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DEtools

 equinv
 look for the most general ODE invariant under a given symmetry

 Calling Sequence equinv([xi, eta], y(x)) equinv([[xi1, eta1], [xi2, eta2],...], y(x)) equinv([xi, eta], y(x), n) equinv([[xi1, eta1], [xi2, eta2],...], y(x), n)

Parameters

 [xi, eta] - list of the coefficients of the symmetry generator (infinitesimals) y(x) - indeterminate function to be used in the result n - positive integer, indicating that an nth order ODE is to be returned

Description

 • equinv takes as first argument either a list of two algebraic expressions, to be seen as the infinitesimals of a one-parameter Lie group, or a list of such pairs representing many different symmetry groups. It returns, within the possibilities of the system, the most general ODE simultaneously invariant under those symmetry groups. The second argument is the indeterminate function of that ODE.
 • If the number n is given as extra argument, equinv looks for an invariant ODE of order n; otherwise, it will look for a first order ODE.
 • As a rule, if we represent the infinitesimal generator as

$\mathrm{\xi }\left(x,y\right)\left(\frac{\partial }{\partial x}\phantom{\rule[-0.0ex]{0.4em}{0.0ex}}\right)+\mathrm{\eta }\left(x,y\right)\left(\frac{\partial }{\partial y}\phantom{\rule[-0.0ex]{0.4em}{0.0ex}}\right),$

 where x is the independent variable and y is the dependent one; equinv assumes that the order in which the infinitesimals xi and eta appear in the received list is $\left[\mathrm{\xi },\mathrm{\eta }\right]$.
 • In principle, there are no restrictions on the number of pairs of infinitesimals you can give at one time to equinv. However, the complexity of the problem increases with the number of pairs of infinitesimals given, and the problem may not have a solution. Also, when an nth order ODE is required (extra argument n) the given infinitesimals may contain _y1, _y2, ... which, as a convention, represent the derivative of the "indeterminate function" of the problem. In short, equinv also accepts dynamical symmetries as arguments.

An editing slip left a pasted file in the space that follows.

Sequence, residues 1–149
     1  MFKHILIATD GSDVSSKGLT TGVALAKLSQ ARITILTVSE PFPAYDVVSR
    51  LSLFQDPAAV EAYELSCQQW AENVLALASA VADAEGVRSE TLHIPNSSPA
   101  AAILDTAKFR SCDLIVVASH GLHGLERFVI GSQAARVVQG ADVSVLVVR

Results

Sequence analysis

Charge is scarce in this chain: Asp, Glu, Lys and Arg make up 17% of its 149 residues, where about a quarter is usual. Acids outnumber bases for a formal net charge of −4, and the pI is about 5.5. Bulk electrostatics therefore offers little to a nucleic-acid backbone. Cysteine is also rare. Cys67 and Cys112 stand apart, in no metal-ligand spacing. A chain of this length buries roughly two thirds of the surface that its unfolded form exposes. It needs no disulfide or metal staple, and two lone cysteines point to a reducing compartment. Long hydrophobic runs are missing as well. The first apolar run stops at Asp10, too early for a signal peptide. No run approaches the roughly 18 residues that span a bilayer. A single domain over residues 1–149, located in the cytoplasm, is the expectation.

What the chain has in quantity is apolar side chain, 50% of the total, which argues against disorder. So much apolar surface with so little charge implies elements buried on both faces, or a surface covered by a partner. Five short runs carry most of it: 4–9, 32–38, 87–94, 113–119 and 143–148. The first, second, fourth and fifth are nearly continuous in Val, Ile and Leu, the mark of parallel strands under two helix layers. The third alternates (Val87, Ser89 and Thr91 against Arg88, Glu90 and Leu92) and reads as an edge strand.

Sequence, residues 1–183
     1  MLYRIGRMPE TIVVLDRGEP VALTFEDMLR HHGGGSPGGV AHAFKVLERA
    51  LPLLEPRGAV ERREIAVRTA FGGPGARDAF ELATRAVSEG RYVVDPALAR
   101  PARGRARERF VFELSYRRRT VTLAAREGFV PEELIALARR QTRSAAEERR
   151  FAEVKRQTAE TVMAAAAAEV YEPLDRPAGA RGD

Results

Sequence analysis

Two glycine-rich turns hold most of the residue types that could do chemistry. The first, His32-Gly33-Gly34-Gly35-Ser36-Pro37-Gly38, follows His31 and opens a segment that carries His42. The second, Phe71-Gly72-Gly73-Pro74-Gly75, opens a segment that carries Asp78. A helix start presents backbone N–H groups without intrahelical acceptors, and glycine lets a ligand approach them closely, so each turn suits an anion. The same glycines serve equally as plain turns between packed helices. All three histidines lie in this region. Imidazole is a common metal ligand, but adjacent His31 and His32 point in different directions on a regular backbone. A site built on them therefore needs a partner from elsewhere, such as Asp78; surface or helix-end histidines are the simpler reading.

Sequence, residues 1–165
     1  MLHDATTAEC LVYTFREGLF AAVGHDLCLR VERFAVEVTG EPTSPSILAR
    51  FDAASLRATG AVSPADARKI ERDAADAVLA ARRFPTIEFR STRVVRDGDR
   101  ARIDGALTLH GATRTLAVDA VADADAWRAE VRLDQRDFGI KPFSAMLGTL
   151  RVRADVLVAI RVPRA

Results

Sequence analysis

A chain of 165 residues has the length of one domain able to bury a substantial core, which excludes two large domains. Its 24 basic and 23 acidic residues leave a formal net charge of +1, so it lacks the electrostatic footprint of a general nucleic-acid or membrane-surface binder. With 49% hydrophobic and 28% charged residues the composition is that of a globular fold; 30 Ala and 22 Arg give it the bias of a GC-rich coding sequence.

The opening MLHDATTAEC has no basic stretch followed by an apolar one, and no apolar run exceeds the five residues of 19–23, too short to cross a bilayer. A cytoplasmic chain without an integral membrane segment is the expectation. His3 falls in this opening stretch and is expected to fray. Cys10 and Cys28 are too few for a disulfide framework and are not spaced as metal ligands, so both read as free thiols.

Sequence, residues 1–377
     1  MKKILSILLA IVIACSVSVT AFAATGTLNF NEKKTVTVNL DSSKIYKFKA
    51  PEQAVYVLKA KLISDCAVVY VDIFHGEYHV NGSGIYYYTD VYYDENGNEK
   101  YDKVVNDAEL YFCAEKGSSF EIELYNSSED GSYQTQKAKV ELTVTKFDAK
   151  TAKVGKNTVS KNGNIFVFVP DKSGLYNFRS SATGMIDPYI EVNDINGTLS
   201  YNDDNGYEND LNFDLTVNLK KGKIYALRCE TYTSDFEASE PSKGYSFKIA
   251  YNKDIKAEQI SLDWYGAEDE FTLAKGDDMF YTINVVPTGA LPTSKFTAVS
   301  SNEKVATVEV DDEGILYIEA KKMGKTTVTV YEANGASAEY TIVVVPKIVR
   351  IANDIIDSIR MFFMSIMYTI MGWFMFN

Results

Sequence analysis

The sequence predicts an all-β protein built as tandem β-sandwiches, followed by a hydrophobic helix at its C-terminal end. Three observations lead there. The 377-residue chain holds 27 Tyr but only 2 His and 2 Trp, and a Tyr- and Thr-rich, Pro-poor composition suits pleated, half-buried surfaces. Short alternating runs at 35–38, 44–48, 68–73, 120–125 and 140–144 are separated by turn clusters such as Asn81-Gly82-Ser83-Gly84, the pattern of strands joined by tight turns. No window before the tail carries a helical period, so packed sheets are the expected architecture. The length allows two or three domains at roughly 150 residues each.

• equinv and buildsym may be useful in connection with the odeadvisor command and the $\mathrm{HINT}=\left[\mathrm{e1},\mathrm{e2}\right]$ option of dsolve, in order to study the relationship between symmetry patterns and ODE patterns (see dsolve/Lie).
 • This function is part of the DEtools package, and so it can be used in the form equinv(..) only after executing the command with(DEtools). However, it can always be accessed through the long form of the command by using DEtools[equinv](..).

Examples

Three pairs of infinitesimals not containing a 2-D subalgebra

 > $\mathrm{with}\left(\mathrm{DEtools}\right):$
 > $\mathrm{sym}≔\left[\left[1,1\right],\left[x,y\right],\left[{x}^{2},{y}^{2}\right]\right]$
 ${\mathrm{sym}}{≔}\left[\left[{1}{,}{1}\right]{,}\left[{x}{,}{y}\right]{,}\left[{{x}}^{{2}}{,}{{y}}^{{2}}\right]\right]$ (1)

The most general second order ODE simultaneously invariant under these three point symmetries

 > $\mathrm{ODE2}≔\mathrm{equinv}\left(\mathrm{sym},y\left(x\right),2\right)$
 ${\mathrm{ODE2}}{≔}\frac{{{ⅆ}}^{{2}}}{{ⅆ}{{x}}^{{2}}}\phantom{\rule[-0.0ex]{0.4em}{0.0ex}}{y}{}\left({x}\right){=}\frac{{\left(\frac{{ⅆ}}{{ⅆ}{x}}\phantom{\rule[-0.0ex]{0.4em}{0.0ex}}{y}{}\left({x}\right)\right)}^{{3}}{{2}}}{}{\mathrm{_C1}}{+}{2}{}{\left(\frac{{ⅆ}}{{ⅆ}{x}}\phantom{\rule[-0.0ex]{0.4em}{0.0ex}}{y}{}\left({x}\right)\right)}^{{2}}{+}{2}{}\frac{{ⅆ}}{{ⅆ}{x}}\phantom{\rule[-0.0ex]{0.4em}{0.0ex}}{y}{}\left({x}\right)}{{-}{x}{+}{y}{}\left({x}\right)}$ (2)

The fact that ODE2 is invariant under the three pairs of infinitesimals above can be tested using the symtest command (see symtest):

 > $\mathrm{map}\left(\mathrm{symtest},\mathrm{sym},\mathrm{ODE2}\right)$
 $\left[{0}{,}{0}{,}{0}\right]$ (3)

Two pairs of dynamical symmetries

 > $\mathrm{dyn_sym}≔\left[\left[\mathrm{_y1},0\right],\left[0,\frac{1}{\mathrm{_y1}}\right]\right]$
 ${\mathrm{dyn_sym}}{≔}\left[\left[{\mathrm{_y1}}{,}{0}\right]{,}\left[{0}{,}\frac{{1}}{{\mathrm{_y1}}}\right]\right]$ (4)

The most general second order ODE simultaneously invariant under these two dynamical symmetries

 > $\mathrm{ODE2}≔\mathrm{equinv}\left(\mathrm{dyn_sym},y\left(x\right),2\right)$
 ${\mathrm{ODE2}}{≔}\frac{{{ⅆ}}^{{2}}}{{ⅆ}{{x}}^{{2}}}\phantom{\rule[-0.0ex]{0.4em}{0.0ex}}{y}{}\left({x}\right){=}\frac{{\left(\frac{{ⅆ}}{{ⅆ}{x}}\phantom{\rule[-0.0ex]{0.4em}{0.0ex}}{y}{}\left({x}\right)\right)}^{{2}}}{{\mathrm{_F1}}{}\left(\frac{{ⅆ}}{{ⅆ}{x}}\phantom{\rule[-0.0ex]{0.4em}{0.0ex}}{y}{}\left({x}\right)\right){}{\left(\frac{{ⅆ}}{{ⅆ}{x}}\phantom{\rule[-0.0ex]{0.4em}{0.0ex}}{y}{}\left({x}\right)\right)}^{{2}}{+}{2}{}\left(\frac{{ⅆ}}{{ⅆ}{x}}\phantom{\rule[-0.0ex]{0.4em}{0.0ex}}{y}{}\left({x}\right)\right){}{x}{-}{2}{}{y}{}\left({x}\right)}$ (5)
 > $\mathrm{map}\left(\mathrm{symtest},\mathrm{dyn_sym},\mathrm{ODE2}\right)$
 $\left[{0}{,}{0}\right]$ (6)